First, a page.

Most of us are likely to be celebrating Christmas a little differently this year, but that doesn’t mean we can’t still treat those we love (or ourselves) to something nice. I’ve put together a bookish gift guide the past four years running (you can find them here if you’d like more ideas: 2019, 2018, 2017, & 2016), but without further ado, here are some gift suggestions for the bookworms in your life.
With all of us spending more time at home these days, a game with a bookish twist could help entertain many a reader throughout the holiday season. There are loads of options out there, including The Writers Game, which is essentially bookish top trumps with beautifully illustrated cards, and Ex Libris, where you have to try and outsmart your opponents by coming up with fake – but convincing – first and last lines from famous books.
A READING JOURNAL
Anyone who uses Goodreads likely knows how… frustrating it can be at times. With more and more readers seeking out an alternative means of documenting their reads and managing their TBR, why not go old school and treat someone to a journal that allows them to track their reading for the year ahead? Here are some examples, available from The Literary Gift Company.
If you or someone you know always likes to have a book with them on the go, a book sleeve is a great little gift. It’s essentially a pouch to put your book in so it doesn’t get bashed around or dirty if you’re throwing it in your bag. Plus, you can get some really pretty designs, like these examples from The Story Gift.
‘POETRY INSTEAD OF A CARD’
Candlestick Press publish a really cool range of pamphlets called ‘Poetry Instead of a Card’. As the name suggests, the idea is you can send someone a mini book of ten poems as an alternative to a standard greetings card. There are several specifically Christmas themed pamphlets within the range, but there are loads to choose from; be it pamphlets that explore a particular theme – like friendship, happiness, or love – or pamphlets that focus on a specific subject – like cats, flowers, or art. And don’t worry, you can still write the recipient a message; each one comes with a bookmark with space that has been left for you to personalise it.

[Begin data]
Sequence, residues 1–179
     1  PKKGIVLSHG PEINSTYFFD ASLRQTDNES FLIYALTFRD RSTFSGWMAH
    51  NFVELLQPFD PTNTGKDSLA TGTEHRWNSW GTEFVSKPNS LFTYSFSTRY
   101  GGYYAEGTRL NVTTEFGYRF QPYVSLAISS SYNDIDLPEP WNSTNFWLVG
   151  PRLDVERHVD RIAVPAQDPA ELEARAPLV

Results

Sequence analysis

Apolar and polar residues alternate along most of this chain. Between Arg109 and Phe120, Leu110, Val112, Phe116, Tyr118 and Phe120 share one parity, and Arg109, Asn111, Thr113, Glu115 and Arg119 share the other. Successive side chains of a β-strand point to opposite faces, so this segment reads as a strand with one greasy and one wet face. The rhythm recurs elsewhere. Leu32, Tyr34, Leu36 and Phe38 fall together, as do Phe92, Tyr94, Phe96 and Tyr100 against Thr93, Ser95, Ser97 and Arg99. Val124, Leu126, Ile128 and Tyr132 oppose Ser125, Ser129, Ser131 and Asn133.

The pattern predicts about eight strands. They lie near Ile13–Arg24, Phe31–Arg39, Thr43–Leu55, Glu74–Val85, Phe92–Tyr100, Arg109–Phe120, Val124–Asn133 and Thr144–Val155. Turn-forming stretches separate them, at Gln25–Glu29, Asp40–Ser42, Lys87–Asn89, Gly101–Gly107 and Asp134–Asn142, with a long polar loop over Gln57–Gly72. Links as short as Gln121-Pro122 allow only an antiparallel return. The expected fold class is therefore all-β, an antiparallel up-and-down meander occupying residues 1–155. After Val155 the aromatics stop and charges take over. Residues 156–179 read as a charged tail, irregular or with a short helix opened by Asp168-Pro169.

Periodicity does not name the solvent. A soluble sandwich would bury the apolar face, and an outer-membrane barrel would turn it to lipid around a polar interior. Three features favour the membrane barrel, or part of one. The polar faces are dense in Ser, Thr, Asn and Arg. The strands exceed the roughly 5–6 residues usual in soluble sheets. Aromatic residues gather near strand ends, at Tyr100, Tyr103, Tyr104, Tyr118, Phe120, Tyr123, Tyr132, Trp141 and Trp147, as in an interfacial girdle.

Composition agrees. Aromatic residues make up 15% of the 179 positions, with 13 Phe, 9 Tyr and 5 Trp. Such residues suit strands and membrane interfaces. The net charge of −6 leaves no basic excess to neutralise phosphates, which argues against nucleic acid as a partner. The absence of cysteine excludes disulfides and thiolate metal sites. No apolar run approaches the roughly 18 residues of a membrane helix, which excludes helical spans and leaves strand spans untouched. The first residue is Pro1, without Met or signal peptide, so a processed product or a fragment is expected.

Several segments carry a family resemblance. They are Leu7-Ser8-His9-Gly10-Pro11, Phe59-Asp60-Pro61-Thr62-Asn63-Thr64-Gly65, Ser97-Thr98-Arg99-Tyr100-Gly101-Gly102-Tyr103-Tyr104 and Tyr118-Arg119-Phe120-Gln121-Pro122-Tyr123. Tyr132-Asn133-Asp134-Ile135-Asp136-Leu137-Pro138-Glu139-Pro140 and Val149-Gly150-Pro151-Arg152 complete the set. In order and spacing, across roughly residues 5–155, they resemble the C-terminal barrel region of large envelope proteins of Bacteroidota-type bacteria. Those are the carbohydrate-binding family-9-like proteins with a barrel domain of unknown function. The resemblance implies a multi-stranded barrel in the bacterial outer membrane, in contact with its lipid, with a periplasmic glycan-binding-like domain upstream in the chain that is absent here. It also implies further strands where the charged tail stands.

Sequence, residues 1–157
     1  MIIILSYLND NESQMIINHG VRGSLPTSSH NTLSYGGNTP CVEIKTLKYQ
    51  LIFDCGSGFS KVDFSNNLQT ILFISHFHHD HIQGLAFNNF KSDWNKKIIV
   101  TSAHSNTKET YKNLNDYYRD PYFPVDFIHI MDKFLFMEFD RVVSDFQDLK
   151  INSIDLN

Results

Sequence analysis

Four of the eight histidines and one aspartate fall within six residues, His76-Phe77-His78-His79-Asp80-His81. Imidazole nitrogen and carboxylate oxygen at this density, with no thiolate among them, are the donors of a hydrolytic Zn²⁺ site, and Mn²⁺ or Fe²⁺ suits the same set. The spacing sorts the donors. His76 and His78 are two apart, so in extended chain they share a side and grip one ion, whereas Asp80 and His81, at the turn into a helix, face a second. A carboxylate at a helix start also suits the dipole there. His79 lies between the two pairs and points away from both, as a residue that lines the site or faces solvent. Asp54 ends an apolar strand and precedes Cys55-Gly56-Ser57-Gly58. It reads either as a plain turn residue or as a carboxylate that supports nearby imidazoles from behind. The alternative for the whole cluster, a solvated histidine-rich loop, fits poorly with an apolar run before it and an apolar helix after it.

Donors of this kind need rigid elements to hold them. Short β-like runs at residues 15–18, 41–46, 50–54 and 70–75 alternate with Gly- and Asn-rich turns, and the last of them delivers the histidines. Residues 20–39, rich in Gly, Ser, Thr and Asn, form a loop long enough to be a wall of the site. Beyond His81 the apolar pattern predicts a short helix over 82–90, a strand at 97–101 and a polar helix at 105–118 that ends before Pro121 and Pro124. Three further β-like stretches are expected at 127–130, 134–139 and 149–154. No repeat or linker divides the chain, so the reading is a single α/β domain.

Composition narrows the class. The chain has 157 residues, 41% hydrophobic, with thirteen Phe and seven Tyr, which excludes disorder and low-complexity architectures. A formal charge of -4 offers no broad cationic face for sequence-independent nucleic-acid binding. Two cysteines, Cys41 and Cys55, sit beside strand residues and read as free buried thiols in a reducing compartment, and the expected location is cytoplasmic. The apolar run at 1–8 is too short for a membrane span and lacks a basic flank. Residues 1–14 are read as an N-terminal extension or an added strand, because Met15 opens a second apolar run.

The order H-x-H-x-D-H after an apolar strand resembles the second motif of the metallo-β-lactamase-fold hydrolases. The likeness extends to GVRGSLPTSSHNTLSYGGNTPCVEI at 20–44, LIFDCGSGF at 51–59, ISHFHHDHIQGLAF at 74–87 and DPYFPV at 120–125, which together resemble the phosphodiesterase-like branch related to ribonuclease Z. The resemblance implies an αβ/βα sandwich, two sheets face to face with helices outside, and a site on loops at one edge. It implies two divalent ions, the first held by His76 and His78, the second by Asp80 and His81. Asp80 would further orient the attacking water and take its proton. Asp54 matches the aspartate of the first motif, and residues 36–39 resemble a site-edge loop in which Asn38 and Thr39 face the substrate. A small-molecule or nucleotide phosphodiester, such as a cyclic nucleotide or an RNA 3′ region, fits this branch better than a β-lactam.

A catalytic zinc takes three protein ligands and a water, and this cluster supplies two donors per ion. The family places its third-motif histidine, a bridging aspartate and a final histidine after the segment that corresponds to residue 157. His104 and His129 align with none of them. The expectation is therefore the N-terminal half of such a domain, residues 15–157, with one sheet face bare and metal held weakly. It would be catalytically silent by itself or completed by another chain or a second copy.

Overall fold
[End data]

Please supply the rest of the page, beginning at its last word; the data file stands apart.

Book inspired lamps look gorgeous *and* they give off lovely ambient lighting that is perfect for a bit of night time reading. You can get a foldable LED lamp that looks like a regular book when closed, but which lights up when opened (like this one from Not on the Highstreet), and a lamp which doubles as a book stand, saving your page and looking like an adorable little house as it does so (like this one designed by Lee Sang Gin). What’s not to love?
It may be a bit of a stereotype, but it’s true that many bookworms do enjoy a good cup of tea. A nice mug is a great choice, but you could go one better and get some actual tea to go with it. There are lots of great gift sets that tie in with specific reads; I think these Alice in Wonderland and Beatrix Potter themed offerings from New English Teas are particularly charming.
I love the smell of books almost as much as I love reading them. Evidently, I’m not alone, as you can now find candles that give off that glorious between-the-pages scent. Frostbeard Studio stock just such candles, as well as various others with fragrances that take inspiration from specific books and franchises.
You can get clothing with fun, generically bookish slogans/designs on them (I was gifted a T-shirt last year that says ‘Cats, Books, Tea’ on it, for example), or you could find someone an item that ties in with one of their favourite reads if you want it to be a little more personal. Literary Emporium have some really beautiful options, with quotes and motifs that draw from beloved books. I think their designs are understated but really effective.
I couldn’t write a bookish gift guide without including some actual books, could I? I think books with a strong visual element make particularly nice presents, since they’re beautiful objects as much as they are enjoyable to read. With that in mind, here are a couple of lovely books, both of which I highly recommend, and both of which I think could be enjoyed by readers young and old alike.
Mythologica by Dr. Steve Kershaw & Victoria Topping
This encyclopaedia of gods, monsters, and mortals from Ancient Greece serves as a fantastic entry point or reference guide for those at all interested in mythology. The book highlights 50 key figures, giving us a snapshot of their role within the canon, but the real draw is Topping’s stunningly bold and stylised portraits of each character.
The Lost Words by Robert Macfarlane & Jackie Morris
This book combines acrostic poems with wonderful artwork to celebrate the relationship between the natural world and the language we use to describe it – while reminding us how important it is to preserve both. The poems are highly approachable, playful, and engaging, with each one focussing on a different plant or animal, the name of which is disappearing from everyday use in children’s vocabularies; the idea being that we need to reconnect with the wonder of the world around us.
There we have it! I hope you picked up a few useful ideas, and however you end up spending it this year, I hope you all have a lovely, safe festive period.